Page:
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The Critical Role Of Campus Technology In Institutional Traveler Safety

Speaker
Cheryl Boeckman

Terra Dotta

Abstract

Despite pockets of nationalism, student mobility is projected to reach eight million by 2025 according to the Organisation for Economic Co-operation and Development. Combine this with the ever-increasing – o en mission driven – interaction and collaboration of university faculty and staff with colleagues around the world. The result is an institutional population that at any given moment may have representatives on almost every continent.

University leaders understand that this mobility presents a moral obligation to o er their travellers the same level of care and support as they o er to those present on campus, customised to address issues and risks particular to international travellers. Increasingly, they also understand that there is a legal obligation to reduce risk and protect institutional reputation. The ethical and legal provision of care and the mitigation of potential risks travellers could encounter become the challenge of campus leaders and other areas of the organisation, especially those responsible for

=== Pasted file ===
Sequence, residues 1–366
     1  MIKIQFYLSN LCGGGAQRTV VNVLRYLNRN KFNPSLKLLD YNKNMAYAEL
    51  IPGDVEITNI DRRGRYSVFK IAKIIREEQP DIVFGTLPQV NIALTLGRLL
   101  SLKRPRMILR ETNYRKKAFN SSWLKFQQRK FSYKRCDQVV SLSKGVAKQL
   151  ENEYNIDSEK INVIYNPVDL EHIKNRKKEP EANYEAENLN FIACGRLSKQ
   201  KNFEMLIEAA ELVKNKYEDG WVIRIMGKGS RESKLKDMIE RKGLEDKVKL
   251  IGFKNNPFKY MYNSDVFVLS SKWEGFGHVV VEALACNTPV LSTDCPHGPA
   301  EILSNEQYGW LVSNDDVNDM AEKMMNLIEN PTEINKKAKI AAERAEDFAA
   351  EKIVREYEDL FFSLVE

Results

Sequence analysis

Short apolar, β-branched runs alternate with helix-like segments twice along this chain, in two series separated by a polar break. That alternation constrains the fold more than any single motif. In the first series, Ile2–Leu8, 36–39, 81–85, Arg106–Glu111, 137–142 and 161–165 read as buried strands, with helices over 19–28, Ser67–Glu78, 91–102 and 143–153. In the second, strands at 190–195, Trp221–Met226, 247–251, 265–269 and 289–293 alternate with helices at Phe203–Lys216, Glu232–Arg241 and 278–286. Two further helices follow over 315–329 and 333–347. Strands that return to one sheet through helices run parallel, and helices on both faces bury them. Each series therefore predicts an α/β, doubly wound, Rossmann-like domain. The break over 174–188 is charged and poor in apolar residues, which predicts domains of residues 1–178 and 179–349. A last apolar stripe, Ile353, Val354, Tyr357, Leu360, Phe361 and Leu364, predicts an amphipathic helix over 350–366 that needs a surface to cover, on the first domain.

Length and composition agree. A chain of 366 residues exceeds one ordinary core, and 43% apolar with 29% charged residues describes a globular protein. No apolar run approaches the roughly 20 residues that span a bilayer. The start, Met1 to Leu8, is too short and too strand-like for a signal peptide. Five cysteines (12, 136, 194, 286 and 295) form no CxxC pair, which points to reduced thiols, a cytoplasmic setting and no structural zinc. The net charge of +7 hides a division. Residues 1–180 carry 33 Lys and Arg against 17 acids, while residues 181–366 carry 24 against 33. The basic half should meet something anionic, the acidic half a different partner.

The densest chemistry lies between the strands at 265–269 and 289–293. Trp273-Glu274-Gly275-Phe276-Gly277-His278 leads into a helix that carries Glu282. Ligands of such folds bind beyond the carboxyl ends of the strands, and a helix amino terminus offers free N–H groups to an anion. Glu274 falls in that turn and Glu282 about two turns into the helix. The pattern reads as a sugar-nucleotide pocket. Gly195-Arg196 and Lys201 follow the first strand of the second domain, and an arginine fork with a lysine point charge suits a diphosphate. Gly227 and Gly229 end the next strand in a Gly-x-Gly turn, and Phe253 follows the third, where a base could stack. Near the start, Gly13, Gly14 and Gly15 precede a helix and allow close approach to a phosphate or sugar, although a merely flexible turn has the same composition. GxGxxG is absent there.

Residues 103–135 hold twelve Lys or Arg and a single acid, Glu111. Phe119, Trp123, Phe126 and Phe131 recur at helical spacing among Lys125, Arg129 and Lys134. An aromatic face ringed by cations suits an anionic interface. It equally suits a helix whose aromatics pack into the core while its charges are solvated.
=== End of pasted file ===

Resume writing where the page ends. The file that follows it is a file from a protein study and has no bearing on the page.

risk management, student support services and the technology to make oversight possible.

Chief technology officers, thus, play a pivotal role in the institution’s fulfilment of duty of care for global travellers. It is incumbent upon them to understand current trends in traveler safety and emergency response in order to provide systems that will help protect travellers’ health and well-being as well as the institution’s legal standing and reputation.

This session explores best practices for risk management and systems whereby an institution can:

  • Create a transparent approval process for authorised travel by faculty, staff and students, particularly to high profile/risk destinations

  • Create a systematic proposal, approval and registration process for faculty-led programs

  • Easily capture travel information for all institutional travellers

  • Provide timely destination resources with attention to emergency services

  • Proactively alert travellers when emergencies arise

  • Locate travellers 24/7 and communicate with them through redundant avenues

  • Provide concise, shareable reports of administrative actions and traveler responses

    Attendees will be challenged to review current policies and procedures on their own campuses, share insights and leave with a checklist of campus preparatory actions.